Evening, March 30, edited from Spurgeon’s Morning and Evening

“Let us examine and probe our ways, and let us return to the Lord.” — Lamentations 3:40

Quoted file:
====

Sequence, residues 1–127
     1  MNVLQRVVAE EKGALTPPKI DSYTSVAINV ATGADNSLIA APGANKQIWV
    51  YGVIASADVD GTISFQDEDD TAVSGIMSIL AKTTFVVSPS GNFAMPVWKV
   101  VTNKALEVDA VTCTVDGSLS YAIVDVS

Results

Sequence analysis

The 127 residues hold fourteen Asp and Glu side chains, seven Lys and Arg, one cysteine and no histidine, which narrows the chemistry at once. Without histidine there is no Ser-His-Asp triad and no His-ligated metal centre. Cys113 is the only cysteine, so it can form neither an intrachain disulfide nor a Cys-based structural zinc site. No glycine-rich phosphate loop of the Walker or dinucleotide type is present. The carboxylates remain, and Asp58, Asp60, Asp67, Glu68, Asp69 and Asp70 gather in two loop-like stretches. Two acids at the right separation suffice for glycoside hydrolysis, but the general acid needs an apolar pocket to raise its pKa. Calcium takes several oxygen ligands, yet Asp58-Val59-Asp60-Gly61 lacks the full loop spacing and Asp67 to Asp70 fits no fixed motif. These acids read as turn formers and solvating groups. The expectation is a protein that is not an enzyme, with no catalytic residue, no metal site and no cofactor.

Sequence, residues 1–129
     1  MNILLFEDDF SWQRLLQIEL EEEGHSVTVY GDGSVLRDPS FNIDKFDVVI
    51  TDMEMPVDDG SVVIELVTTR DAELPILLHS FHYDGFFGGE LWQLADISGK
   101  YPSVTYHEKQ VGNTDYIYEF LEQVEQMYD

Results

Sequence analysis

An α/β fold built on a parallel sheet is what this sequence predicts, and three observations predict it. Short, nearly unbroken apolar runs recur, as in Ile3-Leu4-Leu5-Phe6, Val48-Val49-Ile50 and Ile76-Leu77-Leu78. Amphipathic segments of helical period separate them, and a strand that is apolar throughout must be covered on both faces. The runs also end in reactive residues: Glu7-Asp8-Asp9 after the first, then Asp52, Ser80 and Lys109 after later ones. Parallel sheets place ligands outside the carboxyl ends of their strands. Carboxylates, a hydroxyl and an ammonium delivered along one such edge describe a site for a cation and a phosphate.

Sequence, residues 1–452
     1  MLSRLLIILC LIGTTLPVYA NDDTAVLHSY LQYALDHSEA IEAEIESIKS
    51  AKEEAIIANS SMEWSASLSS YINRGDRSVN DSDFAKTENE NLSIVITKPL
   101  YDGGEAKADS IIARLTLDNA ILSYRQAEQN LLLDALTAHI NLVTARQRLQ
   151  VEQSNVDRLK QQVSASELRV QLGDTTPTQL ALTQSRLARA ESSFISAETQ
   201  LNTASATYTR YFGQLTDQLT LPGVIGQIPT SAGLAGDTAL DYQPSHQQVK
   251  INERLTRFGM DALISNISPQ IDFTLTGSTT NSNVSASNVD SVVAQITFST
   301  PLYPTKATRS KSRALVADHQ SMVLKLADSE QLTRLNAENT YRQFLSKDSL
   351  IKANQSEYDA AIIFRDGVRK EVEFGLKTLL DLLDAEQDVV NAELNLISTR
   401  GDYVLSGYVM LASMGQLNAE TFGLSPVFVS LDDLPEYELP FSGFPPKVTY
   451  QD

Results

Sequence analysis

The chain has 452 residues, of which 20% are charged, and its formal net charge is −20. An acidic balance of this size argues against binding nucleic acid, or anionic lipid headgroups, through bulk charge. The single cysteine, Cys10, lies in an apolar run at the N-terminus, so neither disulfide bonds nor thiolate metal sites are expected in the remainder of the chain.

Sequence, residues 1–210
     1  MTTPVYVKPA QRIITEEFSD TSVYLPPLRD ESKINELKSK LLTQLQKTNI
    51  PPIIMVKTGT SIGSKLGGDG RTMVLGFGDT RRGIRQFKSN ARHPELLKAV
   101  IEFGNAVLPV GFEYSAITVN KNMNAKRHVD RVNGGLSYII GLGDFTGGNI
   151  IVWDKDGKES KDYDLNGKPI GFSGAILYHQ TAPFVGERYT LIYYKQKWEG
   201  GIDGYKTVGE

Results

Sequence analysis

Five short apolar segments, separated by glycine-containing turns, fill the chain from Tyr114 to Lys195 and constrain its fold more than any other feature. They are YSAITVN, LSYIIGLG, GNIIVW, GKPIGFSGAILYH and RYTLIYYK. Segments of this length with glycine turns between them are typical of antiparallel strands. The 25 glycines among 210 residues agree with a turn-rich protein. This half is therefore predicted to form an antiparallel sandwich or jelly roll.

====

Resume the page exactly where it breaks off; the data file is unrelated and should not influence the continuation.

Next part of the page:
The spouse who fondly loves her absent husband longs for his return; a long, protracted separation from him is like death to her spirit: and so it is with souls who love the Savior much; they must see his face, they cannot bear that he should be away upon the mountains of Lebanon, and has communion with them no more. A reproaching glance, an uplifted finger will be grave to loving children, who fear to offend their tender father, and are only happy when he smiles. Beloved, it was once so with you. A text of Scripture, a threatening, a touch of the rod of affliction, and you went to your Father’s feet, crying, “Show me where you contend with me?” Is this true now? Are you content to follow Jesus from afar off? Can you consider suspended communion with Christ without alarm? Can you bear to have your Beloved walking contrary to you, because you walk contrary to him? Have your sins separated you and your God, and is your heart at rest? O let me affectionately warn you, for it is a grievous thing when we can live contentedly without the present enjoyment of the Savior’s face. Let us strive to feel what an evil thing this is–little love to our own dying Savior, little joy in our precious Jesus, little fellowship with the Beloved! Hold a true Lent in your souls, while you grieve over your hardness of heart. Do not stop at sorrow! Remember where you first received salvation. Go at once to the cross. There, and there only, can you get your spirit quickened. No matter how hard, how oblivious, how dead we may have become, let us go again in all our rags and poverty, and the defilement of our natural condition. Let us clasp that cross, let us look into those relaxed eyes, let us bathe in that fountain filled with blood—this will bring back to us our first love; this will restore the simplicity of our faith, and the tenderness of our heart.